Tag Archives: Theology

How to learn about Judaism

We have had many people join, coming from non-Jewish backgrounds. As adults, it is hard to even understand Judaism, when everything one reads is first viewed through a lifetime of Christian theological assumptions. So the only way to learn about Judaism is to put Jesus aside, and study Jewish sources.

What do Jews believe about the Bible? Read “Biblical Literacy: The Most Important People, Events, and Ideas of the Hebrew Bible” Joseph Telushkin.

What do Jews believe about God? Read “Man Is Not Alone: A Philosophy of Religion” Abraham Joshua Heschel. A profound work that reflects on how man can apprehend God and have an encounter with the ineffable, and the radical amazement that man experiences when experiencing the presence of the Divine.

What is Jewish theology – what are the ways in which we believe? Check out “Great Jewish Thinkers: Their Lives and Work”, Naomi E. Pasachoff
This short (200 page) introduction to Jewish thinking. Presents the lives and work of classical Jewish philosophers such as Saadia Gaon, Yehudah Halevi, Maimonides (Rambam), Mystics such as Moses de Leon (author of the Zohar), Isaac Luria and Israel Ben Eliezer – The Baal Shem Tov (founder of Hasidic Judaism.) Modern Jewish thinkers such as Moses Mendelssohn, Theodore Herzl (founder of modern Zionism), Ahad Haam, and also 20th century Jewish philosophers

How has halakhah developed over time? “A Tree of Life: Diversity, Creativity, and Flexibility in Jewish Law” Louis Jacobs. Littman Library of Jewish Civilization.

What does it mean for a Jew to believe in God? How can we use words to describe God? Is God “one”? The Unity of God

What is God?

What are the many different ways that religious Jews have traditionally understood God?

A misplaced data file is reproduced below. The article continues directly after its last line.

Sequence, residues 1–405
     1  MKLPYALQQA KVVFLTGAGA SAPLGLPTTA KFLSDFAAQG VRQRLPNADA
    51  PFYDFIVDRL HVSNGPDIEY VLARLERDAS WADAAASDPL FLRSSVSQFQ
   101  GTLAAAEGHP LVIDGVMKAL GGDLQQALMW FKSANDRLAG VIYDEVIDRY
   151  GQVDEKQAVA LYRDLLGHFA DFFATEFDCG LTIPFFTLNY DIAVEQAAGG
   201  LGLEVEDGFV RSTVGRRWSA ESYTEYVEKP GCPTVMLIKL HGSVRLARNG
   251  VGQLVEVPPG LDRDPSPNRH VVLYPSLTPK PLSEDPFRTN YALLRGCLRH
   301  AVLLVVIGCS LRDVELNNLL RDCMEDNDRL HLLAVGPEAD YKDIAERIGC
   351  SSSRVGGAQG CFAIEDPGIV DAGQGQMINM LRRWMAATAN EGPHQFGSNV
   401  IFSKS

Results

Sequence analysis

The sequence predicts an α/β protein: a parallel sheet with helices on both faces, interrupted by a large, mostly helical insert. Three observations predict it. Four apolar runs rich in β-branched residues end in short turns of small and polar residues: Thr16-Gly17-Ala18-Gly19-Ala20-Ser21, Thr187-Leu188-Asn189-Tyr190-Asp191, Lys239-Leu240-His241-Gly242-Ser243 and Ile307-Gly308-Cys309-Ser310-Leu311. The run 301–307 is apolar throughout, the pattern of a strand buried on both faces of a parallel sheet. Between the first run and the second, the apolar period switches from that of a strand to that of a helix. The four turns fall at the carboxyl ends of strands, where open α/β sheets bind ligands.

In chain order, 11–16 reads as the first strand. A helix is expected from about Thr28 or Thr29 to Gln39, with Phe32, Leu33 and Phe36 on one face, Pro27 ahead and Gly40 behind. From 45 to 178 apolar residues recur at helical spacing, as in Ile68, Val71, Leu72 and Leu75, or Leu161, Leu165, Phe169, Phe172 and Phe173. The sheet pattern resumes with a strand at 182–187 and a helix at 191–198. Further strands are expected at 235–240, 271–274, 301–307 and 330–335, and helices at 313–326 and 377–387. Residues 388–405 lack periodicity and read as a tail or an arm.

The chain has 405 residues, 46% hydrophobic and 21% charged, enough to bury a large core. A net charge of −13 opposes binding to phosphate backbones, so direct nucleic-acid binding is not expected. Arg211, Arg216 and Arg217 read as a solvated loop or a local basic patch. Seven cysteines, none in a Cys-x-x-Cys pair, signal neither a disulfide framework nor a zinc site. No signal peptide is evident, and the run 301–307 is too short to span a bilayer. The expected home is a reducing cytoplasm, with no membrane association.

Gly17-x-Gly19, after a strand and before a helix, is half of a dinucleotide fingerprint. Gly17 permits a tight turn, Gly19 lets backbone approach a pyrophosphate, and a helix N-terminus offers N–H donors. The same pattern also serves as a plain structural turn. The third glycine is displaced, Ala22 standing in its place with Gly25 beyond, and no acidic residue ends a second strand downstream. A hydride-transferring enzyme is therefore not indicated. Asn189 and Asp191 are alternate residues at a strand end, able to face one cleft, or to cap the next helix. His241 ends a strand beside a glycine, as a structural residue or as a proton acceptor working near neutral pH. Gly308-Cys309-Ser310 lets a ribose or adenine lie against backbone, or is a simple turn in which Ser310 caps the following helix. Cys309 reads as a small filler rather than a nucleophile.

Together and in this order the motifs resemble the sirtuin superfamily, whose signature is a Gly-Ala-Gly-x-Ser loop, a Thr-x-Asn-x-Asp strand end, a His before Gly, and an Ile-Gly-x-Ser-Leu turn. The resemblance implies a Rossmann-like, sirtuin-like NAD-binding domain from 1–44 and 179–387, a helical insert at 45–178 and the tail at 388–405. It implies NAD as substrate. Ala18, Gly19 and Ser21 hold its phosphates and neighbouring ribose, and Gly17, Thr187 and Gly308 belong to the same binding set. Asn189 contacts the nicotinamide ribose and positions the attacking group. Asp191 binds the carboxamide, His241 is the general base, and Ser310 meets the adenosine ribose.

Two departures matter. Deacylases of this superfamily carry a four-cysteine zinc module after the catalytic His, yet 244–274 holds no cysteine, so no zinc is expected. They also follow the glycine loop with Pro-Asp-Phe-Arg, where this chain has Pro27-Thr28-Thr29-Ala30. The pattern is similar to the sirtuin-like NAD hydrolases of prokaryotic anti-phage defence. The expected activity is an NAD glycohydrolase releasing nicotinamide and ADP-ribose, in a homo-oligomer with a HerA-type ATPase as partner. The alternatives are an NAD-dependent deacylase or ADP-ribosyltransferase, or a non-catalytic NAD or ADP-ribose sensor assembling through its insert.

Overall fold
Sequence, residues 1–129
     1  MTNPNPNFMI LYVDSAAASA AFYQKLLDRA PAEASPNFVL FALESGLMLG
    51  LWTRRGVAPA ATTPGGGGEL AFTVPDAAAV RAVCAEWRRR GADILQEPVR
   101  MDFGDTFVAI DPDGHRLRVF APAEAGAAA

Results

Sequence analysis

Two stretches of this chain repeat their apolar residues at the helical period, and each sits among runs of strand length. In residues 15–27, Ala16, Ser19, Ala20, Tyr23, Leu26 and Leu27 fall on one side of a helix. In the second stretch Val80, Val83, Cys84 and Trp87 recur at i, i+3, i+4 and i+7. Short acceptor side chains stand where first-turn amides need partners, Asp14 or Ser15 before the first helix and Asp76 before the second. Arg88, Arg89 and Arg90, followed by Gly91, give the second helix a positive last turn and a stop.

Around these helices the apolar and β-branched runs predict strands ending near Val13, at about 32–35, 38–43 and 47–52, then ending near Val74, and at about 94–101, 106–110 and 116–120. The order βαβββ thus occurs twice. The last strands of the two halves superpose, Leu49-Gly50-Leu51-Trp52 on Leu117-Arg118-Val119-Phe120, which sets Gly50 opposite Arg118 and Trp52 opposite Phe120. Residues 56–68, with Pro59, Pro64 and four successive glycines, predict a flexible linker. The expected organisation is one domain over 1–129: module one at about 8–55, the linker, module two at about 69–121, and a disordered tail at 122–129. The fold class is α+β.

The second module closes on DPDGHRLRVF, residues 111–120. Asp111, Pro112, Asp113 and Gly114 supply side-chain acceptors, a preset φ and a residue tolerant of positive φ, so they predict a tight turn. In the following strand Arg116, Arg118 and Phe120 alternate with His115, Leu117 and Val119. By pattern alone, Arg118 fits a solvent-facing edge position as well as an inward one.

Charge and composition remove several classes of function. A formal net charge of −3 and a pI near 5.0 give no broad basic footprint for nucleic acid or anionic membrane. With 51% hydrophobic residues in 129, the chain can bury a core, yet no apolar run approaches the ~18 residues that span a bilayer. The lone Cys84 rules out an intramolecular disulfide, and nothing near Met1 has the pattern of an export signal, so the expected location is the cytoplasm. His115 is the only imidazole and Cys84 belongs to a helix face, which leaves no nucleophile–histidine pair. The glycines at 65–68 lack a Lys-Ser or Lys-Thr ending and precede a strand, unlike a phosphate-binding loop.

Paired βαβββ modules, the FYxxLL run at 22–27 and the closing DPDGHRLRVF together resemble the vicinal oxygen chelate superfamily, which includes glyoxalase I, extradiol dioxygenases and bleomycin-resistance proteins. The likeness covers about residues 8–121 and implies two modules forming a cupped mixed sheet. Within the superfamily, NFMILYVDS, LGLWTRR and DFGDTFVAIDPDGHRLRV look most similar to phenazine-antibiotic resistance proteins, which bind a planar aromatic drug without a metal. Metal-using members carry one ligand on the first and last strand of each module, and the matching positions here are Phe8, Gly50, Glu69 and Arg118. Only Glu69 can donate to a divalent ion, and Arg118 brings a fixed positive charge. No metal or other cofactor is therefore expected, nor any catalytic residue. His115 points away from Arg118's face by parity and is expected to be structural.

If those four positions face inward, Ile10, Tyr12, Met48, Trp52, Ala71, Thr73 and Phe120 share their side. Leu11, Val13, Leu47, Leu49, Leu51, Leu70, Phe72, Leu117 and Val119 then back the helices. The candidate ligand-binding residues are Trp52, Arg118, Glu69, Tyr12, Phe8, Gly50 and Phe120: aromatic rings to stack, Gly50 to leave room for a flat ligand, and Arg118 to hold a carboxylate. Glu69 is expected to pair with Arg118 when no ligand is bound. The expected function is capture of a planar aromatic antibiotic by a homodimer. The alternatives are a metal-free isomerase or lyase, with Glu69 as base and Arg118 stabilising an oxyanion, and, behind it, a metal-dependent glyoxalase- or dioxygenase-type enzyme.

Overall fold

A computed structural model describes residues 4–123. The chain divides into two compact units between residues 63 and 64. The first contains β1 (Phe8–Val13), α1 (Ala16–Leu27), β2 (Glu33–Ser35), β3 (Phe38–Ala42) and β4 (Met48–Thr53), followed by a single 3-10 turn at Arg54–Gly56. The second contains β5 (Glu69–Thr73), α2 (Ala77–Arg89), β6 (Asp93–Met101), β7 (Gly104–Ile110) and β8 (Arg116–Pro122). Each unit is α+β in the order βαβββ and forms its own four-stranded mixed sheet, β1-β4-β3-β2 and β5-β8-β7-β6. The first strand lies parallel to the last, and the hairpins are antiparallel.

Major ways of understanding God

Revelation: Judaism affirms that the Bible is, in some way, the product of divine revelation. But what does that even mean? How can God “speak” to people? Here is an overview of several Jewish responses.

Revelation

What about Bible prophecies? Most non-Jews were raised in a culture where they were assured that the Bible made specific prophecies about the future, and they all came true. But outside of the most strictly Orthodox communities, most religious Jews have never read the Bible in this way: The Bible is a not a sci-fi manual already laying out the future.

Supposed Bible prophecies about the future

Why study Judaism’s oral law? Isn’t the Bible alone, enough? Not at all, and here is why:

Mishnah: the beginning of Judaism’s oral law

Judaism is NOT identical with the religion of the Bible. Judaism is based upon the way in which the Rabbis of the Talmud and Midrash interpreted the Bible, and for good reasons. Here is why and how Judaism differs from more fundamentalist faiths.

Tradition and change in rabbinic literature

These online introductory essays are unlike most other websites: They don’t push the view of one specific theology. Instead, they include a range of traditional Jewish views, and note differences in interpretation by those in the Conservative, Orthodox and Reform communities.

Idolatry: The boundaries of Judaism

Like other faiths, Judaism has no one, precisely defined theology: rather, there are a diversity of views on the nature of God, how God interacts with the world, and what the essential principles of Jewish faith should be. There are many rationalist interpretations of Judaism, viewed through the lens of philosophy, and many mystical interpretations, viewed through the lens of kabbalah and mysticism.

However, there are also theological boundaries, beyond which a person’s belief would be deemed heresy.

What are the boundaries of Jewish theology?

Judaism forbids avodah zarah/עבודה זרה, idolatry.
The Tanakh (Hebrew Bible) has many statements against avodah zarah, written in different historical eras, in response to different issues. Idolatry includes any of these:

the worship of idols/images
the worship of polytheistic gods by use of idols (or images)
the worship of animals or people
the use of idols even in the worship of God

The Hebrew Bible makes clear that God has no shape or form, and is utterly incomparable; thus no idol or image could ever capture God’s essence. For example, when the Israelites are visited by God in Deut. 4:15, they see no shape or form.

It is true the Bible uses anthropomorphisms to describe God, (e.g. God’s mighty hand, God’s finger, etc.) but these are poetic, not literal descriptions. This is reflected in Hosea 12:10 which says, “And I have spoken unto the prophets, and I have multiplied visions, and by the hand of the prophets I use similes.”